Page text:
On the field, the emergence of Lamb as a composed and directional half will also excite the Newcastle faithful. Lamb could have easily crumbled under the weight of his torrid penalty goal attempt at Belmore against the Bulldogs, when he had a chance to level up the game after the final siren and send it to golden point. But from just about any viewpoint, the young five-eighth grew an arm and a leg after that and played some of his best footy, a great sign of things to come.
The return of Trent Hodkinson, one of the good guys in the game, was also a step in the right direction. As the highest-paid star on the team, things could have got ugly but he acted very professionally and forced his way back into the first team before finishing the season well.
What Went Wrong
As with any young side, the Knights often found themselves muscled out of games and that is something that the coaching staff and Nathan Brown will continue to address.
Their young forward pack was able to play with excitement and enthusiasm early, and often managed to keep it up if they maintained possession and kept themselves in a game. But if they went behind early, or found themselves in a grinding contest with some more experienced forward packs, they had the potential to get bashed out of games.
The late season loss to the Storm, not entirely an issue in its own right given the strength of the Minor Premiers, was a classic example of this. For 55 minutes, the Knights found themselves in an arm wrestle and a close contest, but as they tired and were grinded down by the big, hulking Storm pack, errors started to creep in. With less possession and more defensive work to do, Newcastle fa and the Storm ran away with the game.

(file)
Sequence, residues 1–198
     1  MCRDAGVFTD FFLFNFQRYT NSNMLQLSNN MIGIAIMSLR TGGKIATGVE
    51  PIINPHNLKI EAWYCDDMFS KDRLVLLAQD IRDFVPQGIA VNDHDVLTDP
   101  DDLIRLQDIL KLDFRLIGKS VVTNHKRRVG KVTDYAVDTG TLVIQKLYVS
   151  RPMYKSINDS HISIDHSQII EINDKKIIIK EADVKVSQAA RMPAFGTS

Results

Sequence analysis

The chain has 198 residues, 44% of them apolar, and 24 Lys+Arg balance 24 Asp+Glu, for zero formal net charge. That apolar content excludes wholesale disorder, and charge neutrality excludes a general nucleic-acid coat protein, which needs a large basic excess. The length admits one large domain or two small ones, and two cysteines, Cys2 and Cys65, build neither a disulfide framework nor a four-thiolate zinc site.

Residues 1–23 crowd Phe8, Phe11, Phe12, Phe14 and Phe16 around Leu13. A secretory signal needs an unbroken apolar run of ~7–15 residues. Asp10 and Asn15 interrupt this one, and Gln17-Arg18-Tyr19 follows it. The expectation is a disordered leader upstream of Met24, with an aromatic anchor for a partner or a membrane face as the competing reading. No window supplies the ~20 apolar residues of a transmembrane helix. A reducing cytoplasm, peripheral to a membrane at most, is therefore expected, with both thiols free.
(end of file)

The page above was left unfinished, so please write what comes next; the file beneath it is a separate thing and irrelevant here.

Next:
Stand Out Player
There are a few candidates for this one.
Special mention must go to cult hero Nathan Ross. The ‘Ross Dog’ has found a happy home in the Hunter and has become a crowd favourite courtesy of his strong runs, his passion and his visible enthusiasm for playing football each week.
Hodkinson played some good footy and took on a leadership role through the season while second-rower Lachlan Fitzgibbon marked himself as a strong-running, ball-playing, try-scoring forward who could be set for a decent pay day moving forward.
Gagai played some good football for the Knights as well but probably saved his best footy for the Origin arena, where he was a star for the Queensland Maroons. The young Saifiti brothers, Daniel and Jacob, came on leaps and bounds as forwards and could be set for big futures at the club.